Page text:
Multisite Governance and Other Delivery Issues Related to Managing Many Sites

February 24, 2016
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site factory graphic

An interview with Will Eisner, Senior Director, Product at Acquia. Will’s primary focus is on Acquia Cloud Site Factory, which helps organizations create and manage many sites, from a dozen to thousands.

Also sitting in on the interview, via conference line, was Sonya Kovacic, a Junior Product Manager at Acquia who also works on Site Factory. Sonya's comments are featured in Part 3 and Part 5 of this series. 

The interview was conducted by DC Denison, Senior Editor, Technology, at Acquia, who is represented by the letter “Q.”

Part 1: The Challenge

 

Q. What are the problems that crop up when an organization tries to run many sites -- from dozens of sites to thousands.

For typical technical site teams and managers, when they’re trying out a new technology like Drupal they will start by running a couple sites using the new technology and when it goes well, they start to think, “This is something that we like.” Then they decide that they want to build more and more sites, more and more things with the new technology.

Q. I think I know how this turns out...

Yes. We have plenty of organizations who come to us and they’re in a situation where they have dozens or even hundreds of different sites running on different versions of Drupal, different Drupal code bases. Then, of course, they’ve also mixed in other non-Drupal platforms that they might have, other content management systems and legacy platforms, or just other technologies that other groups prefer.

When we talk to these organizations they’re in a situation where they’ve benefitted from having a lot of creative agility. Different teams in the organization have been able to spin up sites and create cool, exciting content, which is why they picked these new platforms. But they are now in a situation that’s becoming unmanageable, and very difficult to scale. 

Q. So why is it unmanageable? What’s the problem with having all these different versions?

Well, let’s say a very important security update comes out. Imagine, for example, the Drupal Association announces a high priority security patch. All of a sudden, now this site team is basically in a panic mode, where they have hundreds of Drupal code bases running. They do not know where the code bases are necessarily, and they don’t necessarily even have access to them.

Now they have to go through a panicked process of testing all these different sites: test each one separately, test the upgrade, then install it separately in each of these sites.

This isn’t a theoretical thing. This is something that happened last year when an important Drupal security update occurred. We had real organizations that we work with talking about working day and night for a couple of days just patching and testing literally hundreds of code bases throughout the organization.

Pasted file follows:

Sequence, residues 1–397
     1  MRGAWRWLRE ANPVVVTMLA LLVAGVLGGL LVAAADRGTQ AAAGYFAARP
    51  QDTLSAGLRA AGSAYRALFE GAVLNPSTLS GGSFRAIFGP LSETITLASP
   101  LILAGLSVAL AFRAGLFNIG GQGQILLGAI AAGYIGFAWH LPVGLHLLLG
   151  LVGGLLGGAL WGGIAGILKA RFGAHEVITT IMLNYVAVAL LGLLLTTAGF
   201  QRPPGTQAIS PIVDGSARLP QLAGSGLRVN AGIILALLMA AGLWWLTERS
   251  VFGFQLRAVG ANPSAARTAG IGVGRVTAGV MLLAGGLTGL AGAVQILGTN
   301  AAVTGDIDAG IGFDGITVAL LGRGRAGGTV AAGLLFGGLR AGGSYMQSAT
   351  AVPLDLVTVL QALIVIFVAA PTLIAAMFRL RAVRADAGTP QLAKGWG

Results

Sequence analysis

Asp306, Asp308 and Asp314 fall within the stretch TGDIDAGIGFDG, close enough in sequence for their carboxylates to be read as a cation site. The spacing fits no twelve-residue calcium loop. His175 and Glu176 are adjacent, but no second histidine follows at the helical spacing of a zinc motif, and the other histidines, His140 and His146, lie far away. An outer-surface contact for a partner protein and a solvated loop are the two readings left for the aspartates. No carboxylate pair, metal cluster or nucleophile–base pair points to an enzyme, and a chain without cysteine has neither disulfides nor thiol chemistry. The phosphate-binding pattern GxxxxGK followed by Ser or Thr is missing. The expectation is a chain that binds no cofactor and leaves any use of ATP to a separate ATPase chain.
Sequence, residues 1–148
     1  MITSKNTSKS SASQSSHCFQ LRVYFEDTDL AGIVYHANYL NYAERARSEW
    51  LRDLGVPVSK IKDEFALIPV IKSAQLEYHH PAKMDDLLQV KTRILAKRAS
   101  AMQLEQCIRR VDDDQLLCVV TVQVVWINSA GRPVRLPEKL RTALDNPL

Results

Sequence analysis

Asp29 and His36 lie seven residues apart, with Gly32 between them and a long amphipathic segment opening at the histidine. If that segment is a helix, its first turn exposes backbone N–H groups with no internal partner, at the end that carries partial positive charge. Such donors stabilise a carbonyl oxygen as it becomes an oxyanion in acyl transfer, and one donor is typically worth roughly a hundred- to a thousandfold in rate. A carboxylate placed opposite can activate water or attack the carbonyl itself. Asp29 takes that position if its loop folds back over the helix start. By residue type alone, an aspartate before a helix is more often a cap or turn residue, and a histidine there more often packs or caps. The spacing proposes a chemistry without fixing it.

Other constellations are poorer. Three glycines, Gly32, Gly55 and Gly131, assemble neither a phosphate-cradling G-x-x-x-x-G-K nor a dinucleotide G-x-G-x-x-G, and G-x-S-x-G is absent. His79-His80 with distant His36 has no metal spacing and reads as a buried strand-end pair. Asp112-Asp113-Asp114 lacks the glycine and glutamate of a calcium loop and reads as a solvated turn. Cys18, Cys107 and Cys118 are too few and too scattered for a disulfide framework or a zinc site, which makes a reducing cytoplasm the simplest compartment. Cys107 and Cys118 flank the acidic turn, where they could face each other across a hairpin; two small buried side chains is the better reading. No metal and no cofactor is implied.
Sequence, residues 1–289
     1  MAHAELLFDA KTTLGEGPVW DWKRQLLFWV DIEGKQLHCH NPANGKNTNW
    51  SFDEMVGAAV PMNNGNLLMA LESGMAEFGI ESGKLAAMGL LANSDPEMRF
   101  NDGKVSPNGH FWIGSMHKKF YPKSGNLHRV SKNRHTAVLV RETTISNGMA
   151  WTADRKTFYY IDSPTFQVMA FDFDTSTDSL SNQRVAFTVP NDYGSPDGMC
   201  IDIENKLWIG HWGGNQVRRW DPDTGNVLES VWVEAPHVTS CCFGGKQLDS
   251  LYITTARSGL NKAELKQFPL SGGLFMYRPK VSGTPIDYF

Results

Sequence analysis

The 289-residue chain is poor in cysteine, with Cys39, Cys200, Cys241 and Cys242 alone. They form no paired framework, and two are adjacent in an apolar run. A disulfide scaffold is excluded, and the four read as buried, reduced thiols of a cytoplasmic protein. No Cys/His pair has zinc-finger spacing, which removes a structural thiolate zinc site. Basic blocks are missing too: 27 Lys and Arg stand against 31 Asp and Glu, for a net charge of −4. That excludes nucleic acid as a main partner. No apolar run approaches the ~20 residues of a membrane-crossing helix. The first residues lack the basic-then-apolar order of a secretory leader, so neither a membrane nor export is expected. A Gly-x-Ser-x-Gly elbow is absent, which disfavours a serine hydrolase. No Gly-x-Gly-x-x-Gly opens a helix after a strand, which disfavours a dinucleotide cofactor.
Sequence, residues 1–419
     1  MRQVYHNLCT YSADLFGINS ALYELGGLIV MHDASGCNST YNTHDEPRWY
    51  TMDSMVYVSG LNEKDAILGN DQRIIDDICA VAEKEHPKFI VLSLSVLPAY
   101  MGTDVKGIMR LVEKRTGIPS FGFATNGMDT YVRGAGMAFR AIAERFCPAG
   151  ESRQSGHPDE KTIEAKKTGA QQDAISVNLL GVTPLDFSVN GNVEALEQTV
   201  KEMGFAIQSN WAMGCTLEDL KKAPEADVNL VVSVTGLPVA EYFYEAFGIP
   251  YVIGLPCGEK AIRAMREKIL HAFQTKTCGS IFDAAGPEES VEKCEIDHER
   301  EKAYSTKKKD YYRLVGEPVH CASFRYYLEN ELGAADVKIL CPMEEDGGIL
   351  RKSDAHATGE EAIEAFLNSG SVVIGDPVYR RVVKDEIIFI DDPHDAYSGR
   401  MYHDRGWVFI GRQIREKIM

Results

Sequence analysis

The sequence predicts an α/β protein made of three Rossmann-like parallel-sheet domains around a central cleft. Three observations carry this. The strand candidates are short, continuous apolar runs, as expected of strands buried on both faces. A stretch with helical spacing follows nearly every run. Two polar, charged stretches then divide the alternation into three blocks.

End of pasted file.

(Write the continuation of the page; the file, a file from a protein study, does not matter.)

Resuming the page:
Q. That kind of patching can get annoying, even if you’re not facing a security update.

Sure. You could imagine a company that has a particular system that they’re using for marketing automation integration, or something like that. Let’s say they want to upgrade to a new version of that internal system. They need to have a corresponding upgrade to the Drupal module that talks to that system.

Now they have the same problem, right? They’ve got to update all these different sites they don’t have control over. So having this kind of site sprawl is a real pain.

What happens, unfortunately, is that some organizations react to this situation by instituting a very locked down kind of solution...

Q. Like templates?

Yes. Basically, they say, “Okay. You’re going to be able to change this logo, and you can turn on this feature, and you can change this, and so on.” But most of the time, that’s not a good alternative. Sure, it’s great for governance to have one code base that you can just update once, but then you get into a situation where the people who are driving the goals of the business by being creative are handcuffed. Basically they can’t do their jobs and they aren’t happy. Our customers, and the prospects who come to us, they are digital platform owners who aware of this. So we’re often talking to digital teams that are trying to figure out, “How can I scale all these sites and digital experiences in my company in a way that maintains the ability for the creative people to do their thing?” Because they know that if they try to lock it down, it’s not going to work.

Q. Too locked down

Right. They have to have something better than that, but they also just can’t let it be the Wild West. 

Here’s one other example: when you have a Drupal code base, that’s an application. There might be a continuous integration workflow that you use to make updates to that, right? If you're working with an outside agency to build that site, you’ll inherit whatever continuous integration workflow they used. So we encounter organizations that have different tool sets that they use for different Drupal sites.

Q. You don’t want to have to say, “Here are the four different systems we use to manage these 32 sites.”

The customers we work with are not trying to differentiate their businesses based on creating tools for managing lots of sites. They’re differentiating based on the products that they make and the digital experience that they present.

They want to deliver a mix that gives their team flexibility to be creative in how they deliver content, but they also need a maintainable and manageable infrastructure. That’s the balance that they’re trying to strike and it’s a difficult one. There are different ways that you can try to do that.

Next: the Site Factory approach to managing multiple sites.

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